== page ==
In order to get to this quality goal, other quality goals must precede it. For one, the database must contain correct terminological entries; and second, there must be integrity between the different entries, i.e. entries in the database must not contradict each other.
In order to attain these two goals, others must be met in their turn: The data values within the entries must contain correct information. And the entries must be complete, i.e. no mandatory data is missing. I call this the mandate to release only correct and complete entries (of course, a prescriptive database may contain pre-released entries that don’t meet these criteria yet).
Let’s see what that means for terminologists who are responsible for setting up, approving or releasing a correct and complete entry. They need to be able to:
- Do research.
- Transfer the result of the research into the data categories correctly.
- Assure integrity between entries.
- Approve only entries that have all the mandatory data.
- Fill in an optional data category, when necessary.
Let’s leave aside for a moment that we are all human and that we will botch the occasional entry. Can you imagine if instead of doing the above, terminologists were told not to worry about quality? From now on, they would:
- Stop at 50% research or don’t validate the data already present in the entry.
- Fill in only some of the mandatory fields.
- Choose the entry language randomly.
- Add three or four different designations to the Term field.
Do you think that we could meet our number 1 goal of correct and consistent terminology in texts? No. Instead a text in the source language would contain inconsistencies, spelling variations, and probably errors. Translations performed by translators would contain the same, possibly worse problems. Machine translations would be consistent, but they would consistently contain multiple target terms for one source term, etc. The translation memory would propagate issues to other texts within the same product, the next version of the product, to texts for other products, and so on. Some writers and translators would not use the terminology database anymore, which means that fewer errors are challenged and fixed. Others would argue that they must use the database; after all, it is prescriptive.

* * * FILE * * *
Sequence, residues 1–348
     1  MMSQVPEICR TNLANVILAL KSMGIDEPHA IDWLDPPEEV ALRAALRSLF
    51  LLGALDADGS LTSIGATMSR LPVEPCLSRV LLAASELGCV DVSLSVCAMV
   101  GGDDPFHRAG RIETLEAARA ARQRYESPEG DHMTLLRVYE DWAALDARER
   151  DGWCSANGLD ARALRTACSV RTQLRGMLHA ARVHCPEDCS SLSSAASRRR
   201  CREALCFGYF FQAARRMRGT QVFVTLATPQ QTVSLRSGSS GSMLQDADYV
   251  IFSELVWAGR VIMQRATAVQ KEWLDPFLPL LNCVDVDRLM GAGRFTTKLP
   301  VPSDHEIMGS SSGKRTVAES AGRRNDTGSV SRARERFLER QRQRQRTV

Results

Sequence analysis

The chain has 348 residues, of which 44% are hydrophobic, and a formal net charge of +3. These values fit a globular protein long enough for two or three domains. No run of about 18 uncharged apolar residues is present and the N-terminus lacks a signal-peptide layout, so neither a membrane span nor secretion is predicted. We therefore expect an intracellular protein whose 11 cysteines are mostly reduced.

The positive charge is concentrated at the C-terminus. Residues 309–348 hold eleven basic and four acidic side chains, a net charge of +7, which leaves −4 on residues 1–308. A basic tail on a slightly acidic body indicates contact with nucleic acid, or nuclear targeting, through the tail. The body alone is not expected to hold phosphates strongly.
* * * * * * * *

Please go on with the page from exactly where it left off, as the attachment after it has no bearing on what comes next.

Unreliable entries are poison in the system. With a lax attitude towards quality, you can do more harm than good. Does that mean that you have to invest hours and hours in your entries? Absolutely not. We’ll get to some measures in a later posting. But if you can’t afford correct and complete entries, don’t waste your money on terminology management.
Posted in Advanced terminology topics, Producing quality, Producing quantity, Return on investment, Setting up entries, Terminologist, Terminology methods, Terminology principles | Tagged: errors, quality, quantity | 1 Comment »